The beautiful sunny days of summer have arrived! But for some kids with ear problems, summer brings unwanted trouble – ear trouble.
Ear infections can occur all year long, but they can limit a child’s water play activities during the summer. Ear infections occur in the middle ear space (otitis media) and in the ear canal (otitis externa or “swimmer’s ear”). Some of the most common treatments for ear infections can be oral or topical antibiotics like “ear drops”. In some cases, doctors will recommend surgical ear tube placement.
The good news is that ear infections like swimmer’s ear can be prevented. The bacteria that cause these infections need water to survive. These bacteria thrive when water remains in your child’s ear after swimming. This is why doctors advise keeping your child’s ears clean and dry, especially if your child is recovering from an ear infection.
Swimming earplugs are an easy solution for a child with ear problems to enjoy water play. You can get earplugs from audiologists or from doctors who specialize in ear, nose and throat issues (ENT) or you can buy them online or in a store (over-the-counter).
As a mom and audiologist, I recommend custom fitted earplugs. They are a guarantee that my daughter’s ears will not get wet and they are easy to put in, especially with a squirmy little one! In my daughter’s case, she would cry every time water would get into her ears. So, having custom earplugs became very handy.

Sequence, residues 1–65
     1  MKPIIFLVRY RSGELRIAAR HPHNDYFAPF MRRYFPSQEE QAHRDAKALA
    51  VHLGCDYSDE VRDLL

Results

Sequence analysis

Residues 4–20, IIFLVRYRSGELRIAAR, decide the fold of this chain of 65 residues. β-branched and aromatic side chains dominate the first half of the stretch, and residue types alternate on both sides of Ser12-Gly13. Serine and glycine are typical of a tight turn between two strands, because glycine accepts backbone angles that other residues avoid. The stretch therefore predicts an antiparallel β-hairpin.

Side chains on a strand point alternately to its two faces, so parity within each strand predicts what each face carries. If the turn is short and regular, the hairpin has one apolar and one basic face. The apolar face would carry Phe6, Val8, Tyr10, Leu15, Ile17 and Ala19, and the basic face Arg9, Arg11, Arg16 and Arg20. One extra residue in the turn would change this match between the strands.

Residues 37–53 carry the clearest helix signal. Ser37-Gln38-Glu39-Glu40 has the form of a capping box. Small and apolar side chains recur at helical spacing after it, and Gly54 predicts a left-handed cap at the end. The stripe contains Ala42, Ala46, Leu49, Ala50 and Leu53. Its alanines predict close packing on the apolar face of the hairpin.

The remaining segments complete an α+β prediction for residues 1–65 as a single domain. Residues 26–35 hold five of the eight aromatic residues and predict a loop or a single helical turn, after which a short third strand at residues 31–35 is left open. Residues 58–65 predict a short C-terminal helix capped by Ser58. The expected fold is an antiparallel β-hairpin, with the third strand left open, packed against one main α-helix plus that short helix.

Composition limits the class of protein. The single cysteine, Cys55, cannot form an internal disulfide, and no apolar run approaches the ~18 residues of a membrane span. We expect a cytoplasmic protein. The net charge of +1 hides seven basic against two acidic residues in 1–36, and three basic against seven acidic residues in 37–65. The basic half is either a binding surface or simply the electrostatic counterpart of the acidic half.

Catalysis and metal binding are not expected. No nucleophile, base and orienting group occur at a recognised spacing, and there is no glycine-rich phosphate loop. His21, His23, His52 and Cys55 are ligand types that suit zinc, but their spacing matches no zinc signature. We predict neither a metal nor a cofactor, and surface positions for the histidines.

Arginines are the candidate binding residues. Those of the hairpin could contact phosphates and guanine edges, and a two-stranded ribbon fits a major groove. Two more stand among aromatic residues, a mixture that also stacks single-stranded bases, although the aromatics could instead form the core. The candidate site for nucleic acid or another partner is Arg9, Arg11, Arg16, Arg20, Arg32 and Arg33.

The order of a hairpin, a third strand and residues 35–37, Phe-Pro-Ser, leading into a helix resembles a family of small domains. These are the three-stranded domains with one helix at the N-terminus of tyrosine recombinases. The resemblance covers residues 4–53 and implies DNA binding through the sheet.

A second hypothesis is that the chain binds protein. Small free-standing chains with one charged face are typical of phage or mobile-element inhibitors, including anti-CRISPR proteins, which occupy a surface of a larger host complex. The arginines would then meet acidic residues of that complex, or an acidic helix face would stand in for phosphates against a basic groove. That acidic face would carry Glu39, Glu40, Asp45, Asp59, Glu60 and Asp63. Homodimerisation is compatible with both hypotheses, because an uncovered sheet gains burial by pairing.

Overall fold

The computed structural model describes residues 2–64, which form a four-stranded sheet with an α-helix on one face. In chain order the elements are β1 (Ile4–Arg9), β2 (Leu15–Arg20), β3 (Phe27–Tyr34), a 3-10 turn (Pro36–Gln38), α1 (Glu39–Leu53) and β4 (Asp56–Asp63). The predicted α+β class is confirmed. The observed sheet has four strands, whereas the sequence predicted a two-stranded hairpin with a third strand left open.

Here are some pros and cons of investing in custom fitted swimming earplugs:
They are custom fitted to your child’s ears, so they won’t leak or fall out easily
They are typically made of superior, more durable materials
They are reusable and washable
They can be ordered with custom options like handles or a string
They cost more than over-the-counter swim plugs and may be harder to replace
They often require adult assistance to place in the ear properly
Your child will outgrow them at some point
When doctors recommend swimming earplugs, it is mainly to keep unwanted bacteria out so ears can stay healthy. This is most important in places like lakes and beaches, where water is more likely to contain harmful bacteria. Swimming earplugs are often not needed in tubs or showers. If you aren’t sure whether your child needs swimming earplugs or if you need of advice on ordering the best ones for your child, contact an audiologist or ENT Specialist.
Shana Moore is an experienced Audiologist who works in the Audiology Department at Nationwide Children’s. She has almost 8 years of experience working at NCH with children who have hearing loss.
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